Rabbits a hit with visitors after return to Farmfair

The 17 breeds of rabbits in attendance at the Edmonton show 
represented commercial types for meat and fancies kept as pets

EDMONTON — There was a collective sigh of pleasure among visitors to the rabbit show at Farmfair International.

With a cuteness factor to the power of 10, 180 rabbits of every colour and size were on display for the first time in a decade.

Farmfair always had a rabbit and bird show, but the event was cancelled when avian influenza struck, said Sharin Engler, who was part of the organizing committee that brought rabbits back to the show.

The Northlands organization invited them to attend K-Days last summer and agreed to bring small animals back to the farm show.

“A lot of people over the years asked where the rabbits are, so a lot of people are glad to see small animals,” she said.

“Urban farming is becoming very popular, and not everyone can keep a cow in their backyard.”

The 17 breeds of rabbits represented commercial types for meat and fancies kept at pets.

The American Rabbit Breeders Association recognizes 48 breeds of rabbits and hosts an annual show where more than 20,000 entrants are judged. Every breed has a standard of perfection and is judged by that criteria. At the end of day, the best in show is selected.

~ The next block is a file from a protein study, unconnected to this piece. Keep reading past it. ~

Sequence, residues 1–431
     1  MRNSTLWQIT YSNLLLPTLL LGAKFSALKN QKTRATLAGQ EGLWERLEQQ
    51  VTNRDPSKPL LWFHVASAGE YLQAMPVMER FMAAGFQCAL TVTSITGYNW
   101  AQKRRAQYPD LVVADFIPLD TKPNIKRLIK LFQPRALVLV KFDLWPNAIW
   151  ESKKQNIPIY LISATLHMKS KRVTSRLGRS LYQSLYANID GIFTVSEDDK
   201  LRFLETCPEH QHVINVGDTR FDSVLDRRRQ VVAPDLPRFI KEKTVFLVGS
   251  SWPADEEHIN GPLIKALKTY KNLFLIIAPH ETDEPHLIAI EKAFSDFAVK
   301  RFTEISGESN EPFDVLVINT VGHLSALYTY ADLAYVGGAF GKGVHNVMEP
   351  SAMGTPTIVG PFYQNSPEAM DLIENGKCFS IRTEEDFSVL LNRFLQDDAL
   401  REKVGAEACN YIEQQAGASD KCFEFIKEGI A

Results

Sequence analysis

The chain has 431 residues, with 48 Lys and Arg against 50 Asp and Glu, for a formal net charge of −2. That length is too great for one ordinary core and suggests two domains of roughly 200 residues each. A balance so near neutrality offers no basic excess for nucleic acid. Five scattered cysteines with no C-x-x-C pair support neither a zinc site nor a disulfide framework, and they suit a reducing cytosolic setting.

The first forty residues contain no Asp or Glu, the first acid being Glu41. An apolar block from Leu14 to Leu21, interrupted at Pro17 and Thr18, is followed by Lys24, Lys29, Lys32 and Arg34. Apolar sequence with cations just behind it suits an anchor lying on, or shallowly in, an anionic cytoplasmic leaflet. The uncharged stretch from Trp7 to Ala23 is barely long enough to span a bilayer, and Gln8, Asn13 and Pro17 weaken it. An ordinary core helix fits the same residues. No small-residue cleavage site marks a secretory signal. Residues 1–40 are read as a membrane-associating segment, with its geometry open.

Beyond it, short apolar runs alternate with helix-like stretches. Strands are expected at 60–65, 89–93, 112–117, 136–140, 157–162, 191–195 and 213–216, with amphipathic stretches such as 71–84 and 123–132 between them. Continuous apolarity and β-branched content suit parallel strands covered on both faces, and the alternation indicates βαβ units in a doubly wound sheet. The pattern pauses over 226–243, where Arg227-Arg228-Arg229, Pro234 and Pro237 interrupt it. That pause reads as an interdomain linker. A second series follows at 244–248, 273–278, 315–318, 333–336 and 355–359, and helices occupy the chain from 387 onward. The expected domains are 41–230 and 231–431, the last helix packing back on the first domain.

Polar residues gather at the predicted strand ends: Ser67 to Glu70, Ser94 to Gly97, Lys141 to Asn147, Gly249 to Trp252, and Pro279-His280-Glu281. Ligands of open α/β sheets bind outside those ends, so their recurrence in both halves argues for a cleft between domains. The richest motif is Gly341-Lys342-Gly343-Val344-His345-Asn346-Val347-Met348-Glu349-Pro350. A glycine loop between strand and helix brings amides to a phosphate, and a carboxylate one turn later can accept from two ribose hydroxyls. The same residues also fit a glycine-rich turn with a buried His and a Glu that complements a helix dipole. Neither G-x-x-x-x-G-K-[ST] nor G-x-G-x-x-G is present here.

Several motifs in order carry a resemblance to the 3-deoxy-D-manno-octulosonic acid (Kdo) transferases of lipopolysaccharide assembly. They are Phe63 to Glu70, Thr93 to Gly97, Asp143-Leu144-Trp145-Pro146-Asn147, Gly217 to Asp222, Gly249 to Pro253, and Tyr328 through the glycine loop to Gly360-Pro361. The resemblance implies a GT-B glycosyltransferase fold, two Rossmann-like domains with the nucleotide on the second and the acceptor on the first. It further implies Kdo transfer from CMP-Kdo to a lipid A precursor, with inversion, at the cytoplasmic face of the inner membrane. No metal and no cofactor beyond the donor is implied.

Engler raises Mini Rex, Holland lops and Lionheads, which she sells for pet stock.

She grew up on a farm in northern Alberta and kept rabbits as a child.

“I had no idea any of this ever existed,” she said.

She saw a display during Easter at a mall and got involved again about 16 years ago.

She recommends her buyers spay or neuter their rabbits and accept responsibility for a pet that can live eight to 10 years. She also provides information on the care and loving of rabbits.

“When you come to me I can guarantee what gender it is, I can guarantee colour and can guarantee to a certain extent what kind of temperament it might have. It is like buying a puppy from a breeder,” she said.

The basic diet is an alfalfa-based pellet. Fruit and vegetables are treats.

Rabbits are considered an exotic pet, so finding a qualified veterinarian can sometimes be challenging.

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